A decade following the shooting death of unarmed Black man Henry Glover in the aftermath of Hurricane Katrina, a coroner has ruled his killing a homicide, throwing into question whether the New Orleans police officer who admitted to firing the lethal shot will be brought up on charges.
Glover’s death had been ruled “undetermined” by a previous forensic expert, exacerbating the grief of the family. But Orleans Parish coroner Dr. Jeffrey Rouse had different findings.
“It is my duty as coroner to determine the most accurate cause and manner of death based upon both investigative and autopsy evidence,” Orleans Parish coroner Dr. Jeffrey Rouse said Wednesday to The Times Picayune. “If there is new evidence, it must be evaluated and previous opinions must be re-considered in its light. After a review of all available evidence and a review of court transcripts, it is my obligation to reclassify the death of Henry Glover.”
The family of Glover is hoping that this medical ruling does more than absolve some of their pain and confirm their initial thoughts. They want murder charges against David Warren, a rookie New Orleans police officer who admitted to shooting the 31-year-old Glover in 2005 on the defense that he feared for his life. Warren had been found guilty of civil rights violations in 2010 and sentenced to serve 25 years in prison. Three years later, however, he was acquitted in a second trail.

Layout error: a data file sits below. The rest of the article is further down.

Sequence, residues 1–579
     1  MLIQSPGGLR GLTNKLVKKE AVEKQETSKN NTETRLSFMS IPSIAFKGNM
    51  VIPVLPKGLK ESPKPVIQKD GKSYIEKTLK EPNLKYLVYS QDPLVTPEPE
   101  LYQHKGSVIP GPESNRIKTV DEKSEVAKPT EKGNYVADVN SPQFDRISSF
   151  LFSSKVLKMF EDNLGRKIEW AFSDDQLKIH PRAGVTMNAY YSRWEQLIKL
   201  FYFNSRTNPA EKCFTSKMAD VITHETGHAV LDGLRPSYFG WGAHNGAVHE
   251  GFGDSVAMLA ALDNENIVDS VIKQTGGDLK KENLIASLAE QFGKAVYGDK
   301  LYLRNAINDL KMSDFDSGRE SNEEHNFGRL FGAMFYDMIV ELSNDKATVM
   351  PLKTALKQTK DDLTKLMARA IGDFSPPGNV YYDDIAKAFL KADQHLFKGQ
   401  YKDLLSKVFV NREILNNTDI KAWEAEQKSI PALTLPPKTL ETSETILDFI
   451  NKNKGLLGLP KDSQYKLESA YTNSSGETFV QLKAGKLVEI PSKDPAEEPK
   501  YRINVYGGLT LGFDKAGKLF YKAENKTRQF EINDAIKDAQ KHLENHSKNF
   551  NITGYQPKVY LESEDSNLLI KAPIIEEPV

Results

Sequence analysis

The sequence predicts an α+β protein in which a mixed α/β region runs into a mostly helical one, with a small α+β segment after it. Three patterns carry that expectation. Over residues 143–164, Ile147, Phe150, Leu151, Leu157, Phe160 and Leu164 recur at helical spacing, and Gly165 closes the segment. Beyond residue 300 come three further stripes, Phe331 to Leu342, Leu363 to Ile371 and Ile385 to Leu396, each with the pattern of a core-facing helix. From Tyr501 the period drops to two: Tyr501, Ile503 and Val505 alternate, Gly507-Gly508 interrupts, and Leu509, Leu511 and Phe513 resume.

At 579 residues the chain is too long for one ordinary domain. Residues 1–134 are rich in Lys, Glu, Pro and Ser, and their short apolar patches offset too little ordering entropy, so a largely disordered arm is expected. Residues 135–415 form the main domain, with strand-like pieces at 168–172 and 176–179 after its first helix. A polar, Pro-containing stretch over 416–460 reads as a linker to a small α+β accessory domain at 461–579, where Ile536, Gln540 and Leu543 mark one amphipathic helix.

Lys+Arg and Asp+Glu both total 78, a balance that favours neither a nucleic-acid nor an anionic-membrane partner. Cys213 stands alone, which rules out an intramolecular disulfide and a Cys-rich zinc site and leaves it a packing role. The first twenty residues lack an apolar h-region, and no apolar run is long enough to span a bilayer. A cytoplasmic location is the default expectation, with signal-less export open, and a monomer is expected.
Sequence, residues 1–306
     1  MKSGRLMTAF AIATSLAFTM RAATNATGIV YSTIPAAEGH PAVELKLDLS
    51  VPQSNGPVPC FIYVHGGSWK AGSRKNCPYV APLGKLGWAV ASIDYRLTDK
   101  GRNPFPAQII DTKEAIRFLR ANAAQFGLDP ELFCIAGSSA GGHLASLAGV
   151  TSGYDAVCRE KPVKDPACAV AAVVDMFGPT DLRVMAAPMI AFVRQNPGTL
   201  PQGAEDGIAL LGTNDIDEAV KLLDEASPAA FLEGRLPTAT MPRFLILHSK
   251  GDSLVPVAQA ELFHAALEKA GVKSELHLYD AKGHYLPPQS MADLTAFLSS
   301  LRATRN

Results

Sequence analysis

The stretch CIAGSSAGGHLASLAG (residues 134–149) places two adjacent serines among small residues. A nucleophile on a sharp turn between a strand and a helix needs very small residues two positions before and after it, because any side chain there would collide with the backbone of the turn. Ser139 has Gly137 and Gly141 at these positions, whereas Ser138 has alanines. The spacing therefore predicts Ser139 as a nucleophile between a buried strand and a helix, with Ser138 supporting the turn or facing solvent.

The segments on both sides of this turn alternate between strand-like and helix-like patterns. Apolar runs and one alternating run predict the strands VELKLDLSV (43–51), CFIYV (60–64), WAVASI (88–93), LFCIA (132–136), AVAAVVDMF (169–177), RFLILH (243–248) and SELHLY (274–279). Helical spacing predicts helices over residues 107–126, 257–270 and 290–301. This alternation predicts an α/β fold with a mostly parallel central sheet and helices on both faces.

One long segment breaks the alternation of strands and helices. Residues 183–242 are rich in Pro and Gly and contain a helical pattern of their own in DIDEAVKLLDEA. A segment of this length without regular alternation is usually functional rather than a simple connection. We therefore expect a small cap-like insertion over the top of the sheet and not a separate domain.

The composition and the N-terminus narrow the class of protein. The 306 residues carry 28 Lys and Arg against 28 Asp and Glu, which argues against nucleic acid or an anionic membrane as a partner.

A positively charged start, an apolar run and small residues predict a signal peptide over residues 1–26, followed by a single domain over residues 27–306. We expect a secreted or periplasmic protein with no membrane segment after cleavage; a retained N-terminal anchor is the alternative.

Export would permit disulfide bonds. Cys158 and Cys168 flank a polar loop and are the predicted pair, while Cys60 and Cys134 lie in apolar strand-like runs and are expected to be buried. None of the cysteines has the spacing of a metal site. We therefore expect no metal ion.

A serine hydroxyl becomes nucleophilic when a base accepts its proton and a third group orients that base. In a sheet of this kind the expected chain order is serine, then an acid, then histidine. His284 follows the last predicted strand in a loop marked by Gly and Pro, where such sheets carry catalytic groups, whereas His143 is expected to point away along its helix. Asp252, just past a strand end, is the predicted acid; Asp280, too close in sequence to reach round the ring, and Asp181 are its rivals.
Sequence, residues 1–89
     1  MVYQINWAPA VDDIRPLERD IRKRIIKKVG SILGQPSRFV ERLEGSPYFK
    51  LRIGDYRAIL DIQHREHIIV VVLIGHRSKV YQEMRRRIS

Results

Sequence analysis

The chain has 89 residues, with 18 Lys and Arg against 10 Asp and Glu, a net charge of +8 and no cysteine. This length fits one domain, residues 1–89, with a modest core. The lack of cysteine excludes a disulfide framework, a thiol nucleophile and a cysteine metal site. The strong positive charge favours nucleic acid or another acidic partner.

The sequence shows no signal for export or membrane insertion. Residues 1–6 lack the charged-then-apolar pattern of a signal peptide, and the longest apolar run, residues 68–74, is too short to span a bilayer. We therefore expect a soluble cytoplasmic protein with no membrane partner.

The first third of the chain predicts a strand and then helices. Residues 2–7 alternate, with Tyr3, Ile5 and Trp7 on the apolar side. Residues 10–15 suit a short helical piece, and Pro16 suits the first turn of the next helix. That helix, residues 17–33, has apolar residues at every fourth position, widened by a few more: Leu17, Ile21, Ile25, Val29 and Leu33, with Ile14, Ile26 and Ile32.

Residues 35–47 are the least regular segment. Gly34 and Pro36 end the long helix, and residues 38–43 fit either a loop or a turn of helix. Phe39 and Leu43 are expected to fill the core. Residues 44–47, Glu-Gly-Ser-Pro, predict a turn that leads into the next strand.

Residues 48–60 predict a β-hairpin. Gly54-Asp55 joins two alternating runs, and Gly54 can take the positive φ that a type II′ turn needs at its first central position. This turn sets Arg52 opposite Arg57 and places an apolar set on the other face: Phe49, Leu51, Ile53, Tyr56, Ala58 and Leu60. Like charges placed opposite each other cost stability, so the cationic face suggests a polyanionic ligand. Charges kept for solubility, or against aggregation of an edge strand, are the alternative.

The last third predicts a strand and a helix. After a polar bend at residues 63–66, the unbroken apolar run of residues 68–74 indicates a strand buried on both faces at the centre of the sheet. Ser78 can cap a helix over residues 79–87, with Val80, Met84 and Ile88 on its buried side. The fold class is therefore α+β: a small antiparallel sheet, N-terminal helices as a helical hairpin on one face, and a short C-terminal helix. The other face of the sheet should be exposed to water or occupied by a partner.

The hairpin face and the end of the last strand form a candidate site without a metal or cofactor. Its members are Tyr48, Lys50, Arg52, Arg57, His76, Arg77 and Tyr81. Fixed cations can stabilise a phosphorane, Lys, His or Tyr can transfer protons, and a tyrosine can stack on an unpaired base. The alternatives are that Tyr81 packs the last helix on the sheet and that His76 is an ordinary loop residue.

It’s unclear what the legal ramifications will be of this new classification, but Glover’s family is clear: It wants murder charges filed against Warren, the Times-Picayune reported.
Glover had been shot by Warren and was helped by a passerby who attempted to get him medical assistance.
Warren’s attorney Rick Simmons said in a statement that a new trial because of the reclassification would be “fundamentally unfair.
“The coroner’s reclassification of Mr. Glover’s death as a homicide is not based upon any new evidence and has no effect on Mr. Warren’s prior acquittal,” Simmons said.
The former Orleans Parish coroner, Frank Minyard, had refused to classify Glover’s death as a homicide, claiming there was not enough forensic evidence left.
There is another part to this case that makes this crime grisly. In 2014, another officer, Gregory McRae, was sentenced to serve 17 years in prison for burning Glover’s body in an attempt to make it look like it was a protest-related death.
U.S. District Judge Lance Africk ruled that McRae set the car on fire in an attempt to cover up for other officers. “You did not merely burn a corpse, you, a law enforcement officer, burned a corpse to obstruct justice,” the judge said at the time.
McRae is appealing the conviction.